Dream, who has never revealed his identity online, now has 30 million YouTube subscribers on his personal channel. All players who have since joined Dream SMP have also seen their following soar.
Tubbo, real name Toby Smith, has 5 million followers on Twitch. Smith joined Dream SMP with his friend, Tom Simons, who has nearly 12 million YouTube subscribers as TommyInnit.
“It was kind of like the perfect storm, everyone being indoors with Covid, Twitch suddenly surged in popularity,” Smith, 18, said of Dream SMP’s surge in popularity. “It was a lot of blind luck if I’m being totally honest.”
Some fans have also turned to Dream SMP because they see themselves in players.
“It’s a place where LGBT people can find other people like them and just have a place to go, ‘I am that,'” said Eret, one of the Dream SMP players who participated in the panel, about their Twitch community. Eret, 23, identifies as bisexual and genderqueer. They use any pronoun.
I’m infinitely proud of everyone involved that we managed to cultivate something that was a completely untapped audience on Twitch.
-creator Jack Manifold
“Especially if you’re in a home that doesn’t accept you, having a place where you can go ‘I am this’ and get that weight off your chest is literally life changing.”
Manifold, 19, told the panel that he agrees that teenage girls make up a large part of the population.
“It’s sort of the demographics, which I think is wonderful, because I don’t think Twitch had that much of an audience before Dream SMP,” Manifold said. “I’m infinitely proud of everyone involved that we’ve been able to cultivate something that was a completely untapped audience on Twitch.”
“Unprepared” Dream SMP panel for such a passionate crowd
The VidCon gathering of Dream SMP fans was mostly celebratory. But the fandom, like many others emerging online, has had its own drama.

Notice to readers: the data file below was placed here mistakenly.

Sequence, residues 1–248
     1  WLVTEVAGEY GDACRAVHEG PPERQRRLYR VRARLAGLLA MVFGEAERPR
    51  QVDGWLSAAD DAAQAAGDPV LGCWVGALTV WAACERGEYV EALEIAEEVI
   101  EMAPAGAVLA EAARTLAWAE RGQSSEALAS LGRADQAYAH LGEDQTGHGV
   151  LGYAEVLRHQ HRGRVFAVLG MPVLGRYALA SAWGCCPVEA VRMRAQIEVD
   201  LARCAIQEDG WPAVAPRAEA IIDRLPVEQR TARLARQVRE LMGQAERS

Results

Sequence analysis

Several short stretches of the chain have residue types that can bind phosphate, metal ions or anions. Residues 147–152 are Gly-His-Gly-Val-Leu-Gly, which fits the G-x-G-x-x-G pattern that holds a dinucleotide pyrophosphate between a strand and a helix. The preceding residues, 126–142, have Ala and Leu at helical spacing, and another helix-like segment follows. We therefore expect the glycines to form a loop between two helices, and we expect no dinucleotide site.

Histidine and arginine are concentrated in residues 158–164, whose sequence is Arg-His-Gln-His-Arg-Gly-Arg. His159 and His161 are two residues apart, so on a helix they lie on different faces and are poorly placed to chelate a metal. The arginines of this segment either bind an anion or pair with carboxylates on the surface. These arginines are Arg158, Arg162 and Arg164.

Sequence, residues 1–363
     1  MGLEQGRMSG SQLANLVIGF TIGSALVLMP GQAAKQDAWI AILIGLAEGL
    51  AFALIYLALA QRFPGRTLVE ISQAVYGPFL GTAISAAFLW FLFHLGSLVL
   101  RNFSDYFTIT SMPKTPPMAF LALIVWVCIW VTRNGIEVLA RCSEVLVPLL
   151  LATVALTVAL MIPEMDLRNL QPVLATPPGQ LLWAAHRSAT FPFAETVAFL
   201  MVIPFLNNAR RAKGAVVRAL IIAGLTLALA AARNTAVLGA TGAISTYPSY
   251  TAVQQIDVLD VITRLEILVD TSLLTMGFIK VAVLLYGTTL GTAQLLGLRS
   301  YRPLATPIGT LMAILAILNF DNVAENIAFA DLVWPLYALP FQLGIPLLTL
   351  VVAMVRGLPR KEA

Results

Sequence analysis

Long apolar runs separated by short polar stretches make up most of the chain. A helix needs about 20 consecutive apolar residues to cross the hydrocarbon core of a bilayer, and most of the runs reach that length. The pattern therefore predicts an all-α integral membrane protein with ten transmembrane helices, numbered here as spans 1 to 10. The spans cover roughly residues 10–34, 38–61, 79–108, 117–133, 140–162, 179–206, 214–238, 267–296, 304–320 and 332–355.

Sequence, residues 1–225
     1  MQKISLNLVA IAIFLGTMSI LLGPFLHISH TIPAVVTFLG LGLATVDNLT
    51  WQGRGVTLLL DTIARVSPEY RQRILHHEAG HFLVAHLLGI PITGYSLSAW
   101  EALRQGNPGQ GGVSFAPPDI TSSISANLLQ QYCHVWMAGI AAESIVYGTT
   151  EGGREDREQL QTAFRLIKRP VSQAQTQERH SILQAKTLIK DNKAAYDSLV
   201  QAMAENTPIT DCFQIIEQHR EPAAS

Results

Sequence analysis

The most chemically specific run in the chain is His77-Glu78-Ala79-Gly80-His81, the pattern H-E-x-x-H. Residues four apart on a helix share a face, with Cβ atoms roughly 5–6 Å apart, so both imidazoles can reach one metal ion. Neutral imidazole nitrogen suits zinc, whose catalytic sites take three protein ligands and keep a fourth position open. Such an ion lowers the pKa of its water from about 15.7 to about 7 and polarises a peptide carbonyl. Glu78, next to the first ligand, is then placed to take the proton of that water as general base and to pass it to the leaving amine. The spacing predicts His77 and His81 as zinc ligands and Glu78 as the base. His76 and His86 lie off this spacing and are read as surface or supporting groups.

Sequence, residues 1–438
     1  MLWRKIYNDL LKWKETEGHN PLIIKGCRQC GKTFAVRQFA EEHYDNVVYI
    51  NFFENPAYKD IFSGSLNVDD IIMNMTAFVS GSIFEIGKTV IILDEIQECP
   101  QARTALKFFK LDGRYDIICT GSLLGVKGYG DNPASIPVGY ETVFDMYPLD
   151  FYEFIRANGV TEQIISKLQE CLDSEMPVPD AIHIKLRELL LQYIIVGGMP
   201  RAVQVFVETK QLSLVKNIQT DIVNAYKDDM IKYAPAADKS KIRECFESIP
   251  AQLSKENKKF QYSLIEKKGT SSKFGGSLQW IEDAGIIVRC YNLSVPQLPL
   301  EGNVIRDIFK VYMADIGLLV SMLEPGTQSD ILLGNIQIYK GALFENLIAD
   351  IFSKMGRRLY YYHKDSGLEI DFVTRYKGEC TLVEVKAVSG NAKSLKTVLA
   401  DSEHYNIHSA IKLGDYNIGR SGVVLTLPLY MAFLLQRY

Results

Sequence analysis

The Dream SMP community is known to be part of Cringe Culture, a fandom widely mocked online. There are a lot of “antis”, people who openly dislike the creators and their fans. Some of the creators have been subject to wider controversies beyond fandom, such as when Dream was stricken from the Minecraft leaderboards for using “unauthorized modification” in a record win.
Before the panel, some Dream SMP fans on Twitter created a list of rules of what not to do at the panel, many of which revolved around not acting.
Other fans created a panel bingo card, which lists weird things that might happen on the panel due to Dream SMP’s passionate fan base (like “security throws someone out”). One of the bingo list items – ‘the fire alarm is going’ – is said to have taken place at some point during the panel, with tweets that they heard about this and others joking to do it themselves. (NBC News did not witness this).
Some cautioned each other not to ask embarrassing or invasive questions about the “shipping” of male players during the panel. “Expedition” refers to when fans romantically associate characters or people in fictional relationships that can be the subject of fanart and fanfiction, both of which have been adopted into the Dream SMP fandom.
Players have enjoyed and even embraced some of the fandom creations, but shipping can get “awkward” because players are true friends. Their Dream SMP characters are a mix of their real-life personalities and drastically different fictional attributes, including villains.
Overall, Manifold said Dream SMP players who attended VidCon were “completely unprepared” for the size and passion of the crowd that awaited them.
“It really opened our eyes to the size of everything and what it meant to people, us playing Minecraft,” Manifold said. “I almost gushed, I was so emotional about it. Two years later to be able to see all these people, it’s just wonderful.
NBC News was a VidCon sponsor.